“Learning and Development”1 IntroductionTechnological, competitive, social, economic, and political changes obscure the final destinations of organizations.
Business environments are too chaotic and organisational change too complex to establish fixed plans, firm objectives, and concrete set of developmental changes. Despite the unpredictable, uncertain, and highly turbulent business conditions, organisations struggle to learn and improve their processes, functions and human resources as they attempt to achieve competitive advantage. This is needed to ensure that they their inherent capacity to adapt to unforeseen situations and manage unexpected changes more efficiently.
Organizational development highlights two important approaches in human resources management – organizational learning and organizational behaviour, which serve as the basis for doing business today.
To associate these two concepts, the role of human resources involvement in organizational development will be analysed and evaluated based on Senge’s (1990a, p. 3) view that an effective learning organisation involves continuous accumulation of knowledge and skills to create desirable outcomes as a result of collaborative tasks.2 Human Resources and Organizational DevelopmentResearch on human resources management and development was crucial in the twentieth century because f the increased competition which required business organisations to improve their strategic practices.
Systematic organisation-wide change include entering international markets, forming strategic alliances, downsizing, pioneering new technical innovations, improving customer satisfaction, achieving quality improvements, introducing new products, and organisational improvement.
In the 1990s, these concerns were addressed in examining human resource development (HRD) by scholars such as Stewart and McGoldrick, 1996; Stewart, 1999; Walton, 1999; Wilson, 1999; and Gibb, 2002. One of the most popular books was the Routledge Studies in Human Resource Development by Monica Lee. It contains a series and edited collections of research monographs. It was used as a source of new ideas in HRD.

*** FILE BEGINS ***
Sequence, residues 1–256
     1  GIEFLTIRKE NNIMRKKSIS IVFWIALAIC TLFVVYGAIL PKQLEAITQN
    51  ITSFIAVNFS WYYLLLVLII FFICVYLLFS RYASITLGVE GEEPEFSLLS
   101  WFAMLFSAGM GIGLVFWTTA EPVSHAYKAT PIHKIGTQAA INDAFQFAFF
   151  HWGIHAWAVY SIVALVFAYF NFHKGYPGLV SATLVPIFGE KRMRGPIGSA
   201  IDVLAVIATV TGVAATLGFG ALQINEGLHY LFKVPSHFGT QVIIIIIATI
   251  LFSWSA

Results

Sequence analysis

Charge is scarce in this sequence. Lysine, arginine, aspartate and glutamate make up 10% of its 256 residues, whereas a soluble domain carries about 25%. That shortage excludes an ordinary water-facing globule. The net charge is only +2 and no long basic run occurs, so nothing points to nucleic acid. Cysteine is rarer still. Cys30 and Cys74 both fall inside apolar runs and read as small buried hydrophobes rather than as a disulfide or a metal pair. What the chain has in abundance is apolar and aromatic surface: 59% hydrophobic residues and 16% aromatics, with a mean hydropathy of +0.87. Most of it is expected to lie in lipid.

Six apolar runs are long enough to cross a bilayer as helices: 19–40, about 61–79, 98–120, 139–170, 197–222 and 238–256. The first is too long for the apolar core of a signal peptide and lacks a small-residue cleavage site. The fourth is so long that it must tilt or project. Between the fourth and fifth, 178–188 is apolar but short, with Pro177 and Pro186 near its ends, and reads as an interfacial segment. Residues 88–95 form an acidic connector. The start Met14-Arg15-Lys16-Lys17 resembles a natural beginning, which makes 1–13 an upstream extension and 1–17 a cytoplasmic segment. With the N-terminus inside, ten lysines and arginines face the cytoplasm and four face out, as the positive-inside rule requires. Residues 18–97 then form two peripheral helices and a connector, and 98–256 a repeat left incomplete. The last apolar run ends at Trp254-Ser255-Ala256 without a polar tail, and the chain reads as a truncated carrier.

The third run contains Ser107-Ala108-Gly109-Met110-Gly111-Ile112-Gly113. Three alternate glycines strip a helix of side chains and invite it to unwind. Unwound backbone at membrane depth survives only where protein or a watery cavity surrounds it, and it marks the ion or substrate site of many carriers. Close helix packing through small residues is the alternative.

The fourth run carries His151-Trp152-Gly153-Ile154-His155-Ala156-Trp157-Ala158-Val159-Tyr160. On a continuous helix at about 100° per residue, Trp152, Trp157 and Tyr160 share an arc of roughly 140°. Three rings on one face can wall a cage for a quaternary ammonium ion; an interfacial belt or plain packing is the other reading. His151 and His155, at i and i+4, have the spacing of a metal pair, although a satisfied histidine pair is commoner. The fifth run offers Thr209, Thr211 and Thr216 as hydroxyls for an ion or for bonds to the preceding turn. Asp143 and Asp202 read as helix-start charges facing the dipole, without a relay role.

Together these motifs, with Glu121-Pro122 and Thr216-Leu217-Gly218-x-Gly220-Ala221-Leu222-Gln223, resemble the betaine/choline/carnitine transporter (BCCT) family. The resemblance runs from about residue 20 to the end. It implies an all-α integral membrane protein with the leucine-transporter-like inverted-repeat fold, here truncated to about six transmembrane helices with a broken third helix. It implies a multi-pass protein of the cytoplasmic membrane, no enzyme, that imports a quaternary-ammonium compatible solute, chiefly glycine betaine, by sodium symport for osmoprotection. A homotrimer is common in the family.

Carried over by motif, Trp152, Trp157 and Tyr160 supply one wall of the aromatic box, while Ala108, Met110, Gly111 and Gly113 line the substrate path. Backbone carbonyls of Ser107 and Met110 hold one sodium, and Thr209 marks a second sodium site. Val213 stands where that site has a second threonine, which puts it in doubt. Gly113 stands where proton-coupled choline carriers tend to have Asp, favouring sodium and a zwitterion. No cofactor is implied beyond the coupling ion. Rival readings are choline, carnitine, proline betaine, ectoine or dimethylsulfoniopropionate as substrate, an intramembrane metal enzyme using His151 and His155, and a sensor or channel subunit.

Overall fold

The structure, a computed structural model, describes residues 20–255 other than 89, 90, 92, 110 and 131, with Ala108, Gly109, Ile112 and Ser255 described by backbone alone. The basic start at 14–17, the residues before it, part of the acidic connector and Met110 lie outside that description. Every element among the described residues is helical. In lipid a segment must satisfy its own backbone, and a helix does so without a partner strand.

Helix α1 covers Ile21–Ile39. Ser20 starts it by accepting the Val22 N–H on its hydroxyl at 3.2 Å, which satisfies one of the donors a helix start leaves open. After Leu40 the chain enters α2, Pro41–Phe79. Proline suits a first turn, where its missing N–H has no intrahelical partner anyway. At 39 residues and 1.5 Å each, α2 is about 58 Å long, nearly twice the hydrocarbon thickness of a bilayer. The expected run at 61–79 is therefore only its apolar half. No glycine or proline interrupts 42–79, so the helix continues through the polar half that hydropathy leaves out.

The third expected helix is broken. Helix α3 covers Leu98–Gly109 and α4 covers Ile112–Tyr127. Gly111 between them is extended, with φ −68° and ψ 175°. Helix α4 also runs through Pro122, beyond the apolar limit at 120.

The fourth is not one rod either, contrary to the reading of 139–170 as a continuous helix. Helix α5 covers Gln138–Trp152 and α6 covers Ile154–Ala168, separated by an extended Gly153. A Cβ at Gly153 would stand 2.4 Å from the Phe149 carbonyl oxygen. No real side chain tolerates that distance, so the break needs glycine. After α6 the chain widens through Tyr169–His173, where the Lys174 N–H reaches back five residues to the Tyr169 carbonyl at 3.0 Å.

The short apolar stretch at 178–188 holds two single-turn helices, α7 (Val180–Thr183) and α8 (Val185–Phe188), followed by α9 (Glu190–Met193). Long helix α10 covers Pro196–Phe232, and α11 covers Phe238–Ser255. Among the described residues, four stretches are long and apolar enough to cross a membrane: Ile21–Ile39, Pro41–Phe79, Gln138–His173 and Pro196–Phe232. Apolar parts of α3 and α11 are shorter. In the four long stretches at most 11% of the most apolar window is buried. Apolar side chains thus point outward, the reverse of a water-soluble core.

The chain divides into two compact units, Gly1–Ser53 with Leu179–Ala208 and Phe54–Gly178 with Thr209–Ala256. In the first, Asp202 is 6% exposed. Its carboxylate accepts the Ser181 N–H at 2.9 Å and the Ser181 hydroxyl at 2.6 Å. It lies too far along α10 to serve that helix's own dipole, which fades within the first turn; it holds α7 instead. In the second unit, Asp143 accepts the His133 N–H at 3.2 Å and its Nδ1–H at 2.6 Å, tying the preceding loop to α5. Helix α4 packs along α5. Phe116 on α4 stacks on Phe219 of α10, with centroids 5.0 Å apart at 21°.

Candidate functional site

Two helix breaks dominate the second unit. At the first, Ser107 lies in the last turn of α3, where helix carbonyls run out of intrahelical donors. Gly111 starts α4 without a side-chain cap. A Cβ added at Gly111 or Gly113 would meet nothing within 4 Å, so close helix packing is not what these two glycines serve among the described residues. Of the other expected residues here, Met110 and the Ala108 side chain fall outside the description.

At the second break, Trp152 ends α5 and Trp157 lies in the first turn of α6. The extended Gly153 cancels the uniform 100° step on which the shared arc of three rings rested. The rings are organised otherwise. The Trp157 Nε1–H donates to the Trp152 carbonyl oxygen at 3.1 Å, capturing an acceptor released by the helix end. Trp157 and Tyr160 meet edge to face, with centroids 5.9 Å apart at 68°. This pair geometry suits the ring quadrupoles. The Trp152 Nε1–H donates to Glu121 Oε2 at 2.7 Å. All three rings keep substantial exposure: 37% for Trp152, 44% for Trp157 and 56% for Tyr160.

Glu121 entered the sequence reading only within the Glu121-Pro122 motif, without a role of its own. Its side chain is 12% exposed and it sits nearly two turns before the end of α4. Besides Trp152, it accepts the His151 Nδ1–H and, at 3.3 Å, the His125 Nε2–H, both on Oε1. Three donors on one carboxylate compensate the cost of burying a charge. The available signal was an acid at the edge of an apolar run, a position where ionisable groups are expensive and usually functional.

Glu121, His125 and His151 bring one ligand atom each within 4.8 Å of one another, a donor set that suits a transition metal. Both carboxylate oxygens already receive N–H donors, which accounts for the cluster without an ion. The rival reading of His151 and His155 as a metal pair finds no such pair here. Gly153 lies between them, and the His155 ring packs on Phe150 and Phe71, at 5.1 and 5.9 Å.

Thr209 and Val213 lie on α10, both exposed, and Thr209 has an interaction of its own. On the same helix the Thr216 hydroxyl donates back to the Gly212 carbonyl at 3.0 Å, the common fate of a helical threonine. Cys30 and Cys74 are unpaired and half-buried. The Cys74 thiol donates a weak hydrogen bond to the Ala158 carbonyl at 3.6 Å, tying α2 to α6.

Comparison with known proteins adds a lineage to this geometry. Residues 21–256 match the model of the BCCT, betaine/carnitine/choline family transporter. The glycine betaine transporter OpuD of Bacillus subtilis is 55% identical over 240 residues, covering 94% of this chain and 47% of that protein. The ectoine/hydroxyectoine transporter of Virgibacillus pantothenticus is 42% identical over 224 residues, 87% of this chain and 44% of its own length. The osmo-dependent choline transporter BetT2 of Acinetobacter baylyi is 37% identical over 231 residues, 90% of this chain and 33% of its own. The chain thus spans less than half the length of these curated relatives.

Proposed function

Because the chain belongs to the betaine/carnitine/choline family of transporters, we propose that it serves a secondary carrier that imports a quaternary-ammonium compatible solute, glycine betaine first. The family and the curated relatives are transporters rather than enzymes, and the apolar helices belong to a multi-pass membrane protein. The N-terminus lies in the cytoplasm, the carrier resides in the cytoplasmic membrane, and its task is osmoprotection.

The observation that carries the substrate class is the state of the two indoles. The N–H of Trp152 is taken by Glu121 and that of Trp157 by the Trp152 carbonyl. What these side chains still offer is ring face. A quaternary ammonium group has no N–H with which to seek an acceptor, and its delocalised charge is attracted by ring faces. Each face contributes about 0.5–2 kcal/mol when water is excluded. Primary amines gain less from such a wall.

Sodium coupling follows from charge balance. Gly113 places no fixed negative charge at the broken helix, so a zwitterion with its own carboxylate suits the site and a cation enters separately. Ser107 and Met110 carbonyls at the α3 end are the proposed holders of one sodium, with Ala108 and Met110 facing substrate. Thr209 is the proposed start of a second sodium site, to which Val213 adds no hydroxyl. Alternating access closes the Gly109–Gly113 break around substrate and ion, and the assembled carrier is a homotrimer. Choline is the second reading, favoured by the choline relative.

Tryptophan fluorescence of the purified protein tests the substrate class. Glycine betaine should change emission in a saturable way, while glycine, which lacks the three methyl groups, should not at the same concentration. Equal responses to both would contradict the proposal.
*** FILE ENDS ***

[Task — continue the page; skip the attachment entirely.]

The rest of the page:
Included is the work of Stewart et al. (2001) entitled, Understanding Human Resource Development. Recent studies have intensively examined and emphasised the ethical dimension of human resource management practices and development (Woodall and Douglas 1999; Winstanley and Woodall, 2000; Woodall and Winstanley, 2000; Hatcher 2002; Stewart 2003). Researchers like Camp, Blanchard, and Husczo (1986) and Harrison (1997) recognized that human-resource development (HRD) research requires an approach that caters to the different perceptions, interests, actors, and expectations of organisations.
Theoretical perspectives can be used to study the complex nature of organizational development through HRD. The structural-functional and performance deficiencies and systems are two perspectives dominating in the literature. They aim to identify the components and interaction of the subsystems of the HRD system. However, these are criticised for their limitation in focusing on the different actors and in showing little concern for their orientations, strategies, interactions, and interests in the external and internal aspects of organisations.
Another perspective was introduced in the literature (Harrison, 1997; Van der Krogt, 1995; Van der Krogt and Warmerdam, 1997) in conceptualising HRD – the network/actor perspective. This perspective focuses on dynamic network in which different actors or groups interact and engage in various relationships that affects the process of HRD including the strategies used and outcomes.Organisation development aims to change people and organizational process to improve a particular group’s levels of performance and outcome. It involves cycles of action that would stimulate critical reflection to achieve organizational goals faster, more effectively, and more economically (Watkins, 2000, p.
20). Employee development program is one step in motivating workers to perform effectively and develop a sense of commitment. Organizations need to focus on employee development in order to ensure sustainable development and competitive advantage. The employees’ behaviour, capabilities, knowledge and skills should be assessed and polished through employee development programs.